After much criticism prompted by the Paris and Brussels attacks that European intelligence and law enforcement agencies were not cooperating with each other, those organizations have made significant improvements — with considerable United States help — in identifying and tracking fighters who have returned, American and European officials say.

As for the attackers in France and Belgium, “that cell is largely gone, but there are still pieces to be found,” Manuel Navarrete, chief of the European Counterterrorism Center, said in an interview here at the headquarters of Europol, an intelligence-sharing arm of the European Union.

European intelligence services, along with Interpol, have created major new databases of suspected foreign fighters; European spy agencies and Europol have also created counterterrorism hubs in the Netherlands for sharing information and mapping out strategy.

And a classified American military program in Jordan called Operation Gallant Phoenix is scooping up data collected in commando raids in Syria and Iraq and funnelling it to law enforcement agencies in Europe and Southeast Asia. “That’s our intelligence- and information-sharing architecture,” Gen. Joseph F. Dunford Jr., the chairman of the Joint Chiefs of Staff, said in describing the program to Congress in June.

Despite these advances, home-grown or inspired jihadists who have never travelled to war zones remain perhaps the largest threat.

“The continuing efforts of ISIL followers in Europe to conduct attacks demonstrate the potential for ISIL to recruit and motivate followers in Europe,” said a United Nations report in August. “Those attacks involved both individuals who were prevented from travelling to the conflict zones and individuals who had no prior intention to travel.”

Several American and European officials also voiced concern about Turkey, a country that has the trappings of a modern state but where the Islamic State has been allowed to operate almost unchecked, until recently.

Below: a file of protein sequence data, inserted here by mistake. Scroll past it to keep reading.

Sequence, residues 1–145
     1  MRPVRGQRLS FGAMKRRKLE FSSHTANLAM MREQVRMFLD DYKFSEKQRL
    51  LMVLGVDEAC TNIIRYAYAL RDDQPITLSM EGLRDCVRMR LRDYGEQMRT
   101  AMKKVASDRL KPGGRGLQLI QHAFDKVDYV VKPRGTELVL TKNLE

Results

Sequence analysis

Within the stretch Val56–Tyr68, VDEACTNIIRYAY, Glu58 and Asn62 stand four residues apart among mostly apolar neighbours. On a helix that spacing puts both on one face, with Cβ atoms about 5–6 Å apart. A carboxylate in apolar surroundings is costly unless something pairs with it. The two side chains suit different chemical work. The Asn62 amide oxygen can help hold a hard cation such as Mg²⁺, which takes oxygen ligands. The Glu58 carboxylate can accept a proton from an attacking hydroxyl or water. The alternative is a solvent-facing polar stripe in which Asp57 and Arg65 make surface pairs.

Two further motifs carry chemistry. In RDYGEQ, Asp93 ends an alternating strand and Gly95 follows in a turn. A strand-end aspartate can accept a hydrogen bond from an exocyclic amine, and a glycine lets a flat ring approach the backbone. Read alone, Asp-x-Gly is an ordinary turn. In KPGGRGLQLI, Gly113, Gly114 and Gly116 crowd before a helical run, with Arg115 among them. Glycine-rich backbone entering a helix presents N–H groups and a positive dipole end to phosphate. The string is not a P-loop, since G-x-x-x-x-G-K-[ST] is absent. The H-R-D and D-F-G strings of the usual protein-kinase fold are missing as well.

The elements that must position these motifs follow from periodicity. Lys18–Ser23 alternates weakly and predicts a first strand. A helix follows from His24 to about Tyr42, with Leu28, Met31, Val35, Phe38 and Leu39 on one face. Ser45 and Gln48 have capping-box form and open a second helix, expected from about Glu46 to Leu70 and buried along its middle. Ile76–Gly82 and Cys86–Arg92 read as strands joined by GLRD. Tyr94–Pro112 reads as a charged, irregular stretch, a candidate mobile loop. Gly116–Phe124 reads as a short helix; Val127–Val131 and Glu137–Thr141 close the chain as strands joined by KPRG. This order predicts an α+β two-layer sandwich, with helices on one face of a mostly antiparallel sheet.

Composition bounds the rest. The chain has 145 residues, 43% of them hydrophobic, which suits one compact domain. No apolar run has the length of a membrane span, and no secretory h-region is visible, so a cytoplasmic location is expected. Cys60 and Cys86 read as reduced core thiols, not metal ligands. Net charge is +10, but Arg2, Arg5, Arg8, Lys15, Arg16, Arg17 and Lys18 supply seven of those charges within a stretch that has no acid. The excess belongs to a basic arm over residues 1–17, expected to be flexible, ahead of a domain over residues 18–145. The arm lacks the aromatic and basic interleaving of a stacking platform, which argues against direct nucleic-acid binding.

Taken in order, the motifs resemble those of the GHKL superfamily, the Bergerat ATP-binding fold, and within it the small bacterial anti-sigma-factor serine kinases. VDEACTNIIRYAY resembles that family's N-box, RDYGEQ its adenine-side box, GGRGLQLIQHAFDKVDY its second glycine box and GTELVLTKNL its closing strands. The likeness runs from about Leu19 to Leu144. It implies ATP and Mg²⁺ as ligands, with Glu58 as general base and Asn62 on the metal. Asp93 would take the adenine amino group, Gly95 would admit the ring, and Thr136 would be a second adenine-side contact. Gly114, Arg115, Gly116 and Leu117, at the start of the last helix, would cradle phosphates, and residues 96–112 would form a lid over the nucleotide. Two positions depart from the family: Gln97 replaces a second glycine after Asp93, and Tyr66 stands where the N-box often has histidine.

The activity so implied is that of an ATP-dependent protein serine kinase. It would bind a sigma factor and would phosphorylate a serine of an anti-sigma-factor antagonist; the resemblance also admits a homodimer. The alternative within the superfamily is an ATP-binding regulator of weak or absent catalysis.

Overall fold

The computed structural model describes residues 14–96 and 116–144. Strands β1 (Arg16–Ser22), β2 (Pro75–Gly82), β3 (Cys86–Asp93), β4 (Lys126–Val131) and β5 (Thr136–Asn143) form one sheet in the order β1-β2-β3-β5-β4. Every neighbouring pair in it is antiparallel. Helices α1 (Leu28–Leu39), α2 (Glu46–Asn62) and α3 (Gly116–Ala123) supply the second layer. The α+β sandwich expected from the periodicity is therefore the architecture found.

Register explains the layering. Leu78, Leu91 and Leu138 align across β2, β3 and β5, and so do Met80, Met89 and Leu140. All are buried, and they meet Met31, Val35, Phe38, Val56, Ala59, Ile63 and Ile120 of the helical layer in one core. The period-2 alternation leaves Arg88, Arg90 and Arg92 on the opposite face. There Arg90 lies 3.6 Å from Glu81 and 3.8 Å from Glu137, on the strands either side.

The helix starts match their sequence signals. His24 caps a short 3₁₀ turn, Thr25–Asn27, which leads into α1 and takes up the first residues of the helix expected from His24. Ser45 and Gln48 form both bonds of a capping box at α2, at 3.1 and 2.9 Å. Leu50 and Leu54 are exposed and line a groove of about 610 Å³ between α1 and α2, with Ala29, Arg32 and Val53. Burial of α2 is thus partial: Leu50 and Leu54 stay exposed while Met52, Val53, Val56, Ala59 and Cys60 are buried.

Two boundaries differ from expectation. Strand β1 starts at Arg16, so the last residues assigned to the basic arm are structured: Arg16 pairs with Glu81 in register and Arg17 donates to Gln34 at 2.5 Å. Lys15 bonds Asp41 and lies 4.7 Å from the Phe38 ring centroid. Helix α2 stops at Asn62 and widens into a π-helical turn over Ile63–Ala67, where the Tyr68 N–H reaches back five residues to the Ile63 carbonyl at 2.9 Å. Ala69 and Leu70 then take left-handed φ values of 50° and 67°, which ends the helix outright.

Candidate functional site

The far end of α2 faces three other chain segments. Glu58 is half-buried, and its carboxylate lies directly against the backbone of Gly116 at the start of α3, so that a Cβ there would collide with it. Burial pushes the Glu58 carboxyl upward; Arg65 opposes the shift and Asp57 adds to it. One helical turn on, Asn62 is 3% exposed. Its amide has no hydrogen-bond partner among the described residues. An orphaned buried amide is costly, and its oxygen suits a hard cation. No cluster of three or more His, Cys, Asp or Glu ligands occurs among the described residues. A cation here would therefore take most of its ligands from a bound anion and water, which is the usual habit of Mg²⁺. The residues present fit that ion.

In an aborted plot in Australia this summer, parts of a roadside bomb were sent through international air cargo from Turkey through Islamic State operatives in Syria to one of the suspects in Australia. The suspects planned to assemble the explosive device into a bomb to be placed on the plane, but the plot was disrupted.

Even as Turkish authorities have increased security along their border with Syria, the centre of gravity of foreign fighters is shifting to Turkish cities like Sanliurfa and Gaziantep, where the Islamic State has carried out executions of Syrian activists and journalists with what appears to be impunity.

If the Islamic State fighters regroup in Turkey, they can return in small groups to Europe or elsewhere via the old refugee route, which is less fluid than it was but still penetrable. A Belgian was recently arrested in Turkey, suspected of plotting a terrorist attack there, after spending years in Syria.

Some fighters leaving conflict zones seem to have been briefed in detail on how to act when they encountered government authorities, in an apparent attempt to ensure that they would not be deported to countries where they may be arrested, the United Nations report noted. That might indicate a deliberate attempt by Islamic State leaders to establish a presence in different regions, the report concluded.

The report said people returning from these conflict zones fell into three broad categories: First, those who were disenchanted by their experiences in Iraq or Syria and were good candidates to be reintegrated into society.

Second, a much smaller group who return intending to conduct terrorist attacks. And third, individuals who have cut ties with the Islamic State and are disillusioned by the organization, but who remain radicalized and are ready to join another terrorist group should the opportunity arise.

“It is an incredibly difficult adversary,” Mr. Pompeo said at a security conference in Washington last week. “They still have the capacity to control and influence citizens all around the world.”

Rukmini Callimachi contributed reporting from New York.